All exercises should be performed for 3 sets, 12-15 reps, with 60% max of load.

Monday – Upper Body (Front)

  • Swiss Ball Alternating Chest Press
  • Seated Machine Chest Press
  • Alternating Reverse Lunges with Military Press
  • Lying Reverse Crunches
  • Cable Curls with Rope
  • Standing Cable Crunches with Rope
  • Push-Ups to failure

All exercises are to be performed in order for 3 sets, 12-15 reps at 65% of 1 rep max (1RM), followed by 30 minutes of Elliptical trainer for active recovery.

Tuesday

AM – 1-hour Spin Class

PM – 15 minutes of Yoga poses focused on deep tissue stretching

Wednesday – Upper Body (Back)

  • Seated Machine Cable Rows with T-Bar
  • Cable Rope Triceps Extensions
  • Wide Stance Stiff Leg Dead Lifts with Dumbbells
  • Cable Rope Dead Lift (pronated grip) with Row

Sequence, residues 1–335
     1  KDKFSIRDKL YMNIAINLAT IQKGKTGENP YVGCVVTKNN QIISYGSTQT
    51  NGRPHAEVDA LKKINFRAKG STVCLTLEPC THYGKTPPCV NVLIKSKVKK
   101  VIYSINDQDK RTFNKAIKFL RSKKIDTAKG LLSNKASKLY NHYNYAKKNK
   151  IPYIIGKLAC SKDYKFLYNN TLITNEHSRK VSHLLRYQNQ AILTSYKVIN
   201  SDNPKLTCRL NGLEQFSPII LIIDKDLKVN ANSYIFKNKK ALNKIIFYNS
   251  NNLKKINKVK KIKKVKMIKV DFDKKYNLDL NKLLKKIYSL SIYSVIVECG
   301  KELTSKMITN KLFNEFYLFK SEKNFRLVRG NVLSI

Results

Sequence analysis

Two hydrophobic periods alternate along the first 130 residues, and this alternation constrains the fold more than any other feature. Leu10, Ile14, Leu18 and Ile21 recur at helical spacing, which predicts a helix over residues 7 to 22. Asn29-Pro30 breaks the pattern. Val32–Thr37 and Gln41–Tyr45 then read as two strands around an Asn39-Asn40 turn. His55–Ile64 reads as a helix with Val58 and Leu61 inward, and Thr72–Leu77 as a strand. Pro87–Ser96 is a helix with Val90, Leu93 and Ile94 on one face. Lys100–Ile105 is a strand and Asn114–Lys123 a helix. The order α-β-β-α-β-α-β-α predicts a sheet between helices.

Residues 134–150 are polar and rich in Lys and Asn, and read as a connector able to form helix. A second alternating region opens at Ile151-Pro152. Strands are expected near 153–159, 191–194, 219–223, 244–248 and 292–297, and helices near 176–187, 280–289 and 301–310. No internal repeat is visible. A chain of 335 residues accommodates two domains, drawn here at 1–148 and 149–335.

• Flat Bench Triceps Push-Ups with Feet On Medicine Ball
  • Seated Rear Delt Bent Over Fly

All exercises should be performed for 2 sets to failure at 70% of 1RM, followed by 20 minutes of power walking (4.2 and above on speed setting) on treadmill with 6 incline for active recovery.

Thursday

AM – 1-hour Cardio Kickboxing

PM – Lower Body Training

  • Medicine Ball Planks with Straight Leg Lifts
  • Lying Medicine Ball Sit-Ups to Lateral Raise
  • Kneeling Donkey Kicks to Heavy Plié Squats
  • Single Leg Calf Press
  • Plié Jump Squats
  • Single Leg Dumbbell Heel Raises
  • Walking Lunges with Dumbbells

All exercise should be performed with light weights for 3 sets and 20 reps, followed by 20 minutes of Stairmaster for active recovery.

Friday